What looks like a converted rumpus room in the basement of the Labor Temple turns out to be Belltown's best-kept secret. It's a casual den with an alternative vibe, all-day hours and a wicked good list of simple sandwiches, pastas, breakfasts and snacky noshes, all to be enjoyed with those noble beverages you see lined up gemlike against the bar.
In short, Mira! is just the kind of place many of us moved to Seattle for. Of an autumn afternoon you can cozy up in the bar, which offers (like any self-respecting rumpus room) a fireplace and couches; or you can take a table in the main chamber, vividly painted in patches of bright reds and golds and greens. Or, if it's Indian summer, grab a perch in the hidden courtyard, concealed apart from the din of Belltown like a geode.
The background music rocks in the key of Belltown, but the place avoids the phony pretension that afflicts many a lesser neighboring establishment. So chances are you'll like the place — but will you like the food? On one critic's admittedly limited appraisal, absolutely.
2800 First Ave., Seattle; 206-448-8833
Hours: 7 a.m.-6 p.m. Mondays; 7 a.m.-midnight Tuesdays-Thursdays; 7 a.m.-2 a.m. Fridays; 5 p.m.-2 a.m. Saturdays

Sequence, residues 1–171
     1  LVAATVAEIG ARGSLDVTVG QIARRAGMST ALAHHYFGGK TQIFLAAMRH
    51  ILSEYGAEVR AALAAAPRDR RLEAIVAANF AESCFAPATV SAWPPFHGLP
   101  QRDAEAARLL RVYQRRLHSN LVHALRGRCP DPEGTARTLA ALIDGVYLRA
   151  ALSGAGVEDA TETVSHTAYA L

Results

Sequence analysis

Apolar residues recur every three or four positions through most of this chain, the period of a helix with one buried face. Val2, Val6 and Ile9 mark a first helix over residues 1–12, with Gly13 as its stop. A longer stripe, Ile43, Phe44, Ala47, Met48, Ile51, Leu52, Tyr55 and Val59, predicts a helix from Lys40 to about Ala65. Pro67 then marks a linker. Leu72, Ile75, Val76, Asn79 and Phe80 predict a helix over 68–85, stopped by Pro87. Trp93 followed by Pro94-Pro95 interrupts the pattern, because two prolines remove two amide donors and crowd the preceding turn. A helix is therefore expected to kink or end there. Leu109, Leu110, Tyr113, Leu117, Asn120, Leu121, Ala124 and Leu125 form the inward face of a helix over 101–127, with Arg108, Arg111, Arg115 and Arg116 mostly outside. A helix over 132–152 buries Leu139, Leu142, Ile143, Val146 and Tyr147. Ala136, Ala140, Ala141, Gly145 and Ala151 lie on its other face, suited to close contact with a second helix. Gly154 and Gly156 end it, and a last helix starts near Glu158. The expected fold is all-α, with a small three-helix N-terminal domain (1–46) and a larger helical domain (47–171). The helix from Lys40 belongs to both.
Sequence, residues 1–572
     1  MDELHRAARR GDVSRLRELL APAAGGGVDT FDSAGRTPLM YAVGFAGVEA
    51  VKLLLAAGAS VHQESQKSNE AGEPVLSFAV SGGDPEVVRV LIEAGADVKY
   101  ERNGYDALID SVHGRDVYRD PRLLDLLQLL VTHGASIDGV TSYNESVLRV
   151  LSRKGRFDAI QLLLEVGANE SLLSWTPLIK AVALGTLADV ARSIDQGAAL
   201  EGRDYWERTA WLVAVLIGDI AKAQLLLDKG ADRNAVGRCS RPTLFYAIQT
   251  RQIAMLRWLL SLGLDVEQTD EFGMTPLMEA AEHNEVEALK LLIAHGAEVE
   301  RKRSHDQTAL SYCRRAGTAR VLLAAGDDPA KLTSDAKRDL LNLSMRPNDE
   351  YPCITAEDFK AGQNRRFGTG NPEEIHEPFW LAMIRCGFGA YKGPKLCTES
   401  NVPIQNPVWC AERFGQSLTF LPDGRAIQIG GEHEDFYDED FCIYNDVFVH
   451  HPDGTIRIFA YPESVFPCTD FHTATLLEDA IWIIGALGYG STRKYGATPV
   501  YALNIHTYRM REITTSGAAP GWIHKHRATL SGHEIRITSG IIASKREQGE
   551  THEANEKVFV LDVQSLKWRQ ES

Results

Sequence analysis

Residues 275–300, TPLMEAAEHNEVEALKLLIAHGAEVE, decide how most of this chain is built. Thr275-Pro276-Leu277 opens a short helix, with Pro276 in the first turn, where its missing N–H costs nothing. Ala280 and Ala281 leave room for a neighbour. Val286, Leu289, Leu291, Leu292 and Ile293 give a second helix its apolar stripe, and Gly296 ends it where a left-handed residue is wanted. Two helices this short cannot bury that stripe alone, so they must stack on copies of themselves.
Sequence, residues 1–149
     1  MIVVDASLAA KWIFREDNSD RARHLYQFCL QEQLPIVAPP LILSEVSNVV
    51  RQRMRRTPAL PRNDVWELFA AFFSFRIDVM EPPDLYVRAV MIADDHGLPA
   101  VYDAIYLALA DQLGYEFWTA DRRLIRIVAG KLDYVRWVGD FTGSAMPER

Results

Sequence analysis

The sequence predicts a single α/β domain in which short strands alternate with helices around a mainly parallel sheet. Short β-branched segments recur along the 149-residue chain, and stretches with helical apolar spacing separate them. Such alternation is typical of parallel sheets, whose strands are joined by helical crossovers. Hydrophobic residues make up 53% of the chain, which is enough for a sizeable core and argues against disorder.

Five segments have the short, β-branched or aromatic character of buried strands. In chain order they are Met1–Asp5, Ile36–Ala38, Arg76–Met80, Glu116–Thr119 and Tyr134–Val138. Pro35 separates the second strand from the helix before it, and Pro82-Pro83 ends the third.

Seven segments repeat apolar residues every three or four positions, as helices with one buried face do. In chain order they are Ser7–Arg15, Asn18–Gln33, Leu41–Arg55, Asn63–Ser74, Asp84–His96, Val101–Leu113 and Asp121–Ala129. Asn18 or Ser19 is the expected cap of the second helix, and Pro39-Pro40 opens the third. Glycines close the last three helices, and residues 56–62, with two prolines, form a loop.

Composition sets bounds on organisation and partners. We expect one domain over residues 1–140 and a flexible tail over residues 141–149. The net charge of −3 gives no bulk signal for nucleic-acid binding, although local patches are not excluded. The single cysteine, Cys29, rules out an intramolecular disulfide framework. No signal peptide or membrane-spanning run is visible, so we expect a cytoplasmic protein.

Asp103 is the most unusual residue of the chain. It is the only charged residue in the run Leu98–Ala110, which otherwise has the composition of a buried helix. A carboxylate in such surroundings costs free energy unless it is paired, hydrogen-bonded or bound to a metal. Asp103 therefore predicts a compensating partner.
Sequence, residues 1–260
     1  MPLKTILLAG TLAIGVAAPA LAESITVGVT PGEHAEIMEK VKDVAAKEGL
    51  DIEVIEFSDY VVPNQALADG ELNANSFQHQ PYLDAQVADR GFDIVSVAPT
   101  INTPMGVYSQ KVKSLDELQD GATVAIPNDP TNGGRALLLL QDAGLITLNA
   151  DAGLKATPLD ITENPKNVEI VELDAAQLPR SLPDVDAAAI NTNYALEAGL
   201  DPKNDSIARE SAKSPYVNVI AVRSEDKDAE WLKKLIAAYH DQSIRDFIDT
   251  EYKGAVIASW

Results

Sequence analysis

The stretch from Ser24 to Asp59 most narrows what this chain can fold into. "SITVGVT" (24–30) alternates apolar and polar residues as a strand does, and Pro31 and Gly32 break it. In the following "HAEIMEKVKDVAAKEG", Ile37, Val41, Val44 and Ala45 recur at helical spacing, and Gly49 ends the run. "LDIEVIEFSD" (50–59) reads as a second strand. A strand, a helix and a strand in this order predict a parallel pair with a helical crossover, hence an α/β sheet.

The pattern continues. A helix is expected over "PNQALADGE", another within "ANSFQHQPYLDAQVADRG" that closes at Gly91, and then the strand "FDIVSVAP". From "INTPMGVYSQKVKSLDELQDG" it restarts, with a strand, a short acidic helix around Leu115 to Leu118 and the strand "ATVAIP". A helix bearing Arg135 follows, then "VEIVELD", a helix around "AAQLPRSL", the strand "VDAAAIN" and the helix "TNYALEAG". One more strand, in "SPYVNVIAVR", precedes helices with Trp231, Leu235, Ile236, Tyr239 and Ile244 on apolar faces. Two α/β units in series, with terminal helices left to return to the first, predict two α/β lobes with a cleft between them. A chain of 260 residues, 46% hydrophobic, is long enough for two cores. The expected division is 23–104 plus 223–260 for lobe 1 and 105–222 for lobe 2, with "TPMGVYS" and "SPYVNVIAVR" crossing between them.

Full bar / AE, MC, V / Smoking OK in bar and courtyard only / No obstacles to access (via Clay Street entrance elevator)
Morning brings breakfast burritos, French toast and egg plates; noon a lineup of sandwiches (melts, burgers, clubs) and salads to render anyone indecisive; evening fancier items, like Kobe flank steak ($15.95) and chicken katsu ($10.95); and during happy hour (4-6 p.m. weekdays) or late-night (10 p.m.-midnight weekdays), nibbles only happy or late hours can justify — jalapeño poppers, deep-fried zucchini, coconut prawns. You get the idea.
Menus are short and preparations are simple, but all is substantively done, and at bargain prices.
And you cannot beat the vibe with a stick. A find.
Cream of asparagus soup, cup: Impressive, with its subtly seasoned finish and nap like velvet. It also concealed a secret pow; always a plus in a vegetable soup.
Spinach salad: A huge pile of baby spinach came topped with orange bits and nice big globs of blue cheese, held together in a house-made orange-honey-walnut dressing. It was a big juicy success, sweet bursting into savory nicely, and delish with two fat slices of grilled and oiled rustic bread.
Grilled cheese sandwich: Just fine, though nothing to knock your socks off. Thick slices of cheddar, provolone and tomato inside two fat flaps of good country bread, grilled crispy. (A little on the small side, though for $4.95 who can carp?) The advertised fresh basil turned out to be a tightfisted scatter of teensy basil pieces, a real disappointment. Fat fries dusted with paprika, and lots of them, came alongside.
Itemized bill, meal for two
Cream of asparagus soup, cup $2.95
Spinach salad $5.95
Grilled-cheese sandwich $4.95
Kathryn Robinson: email@example.com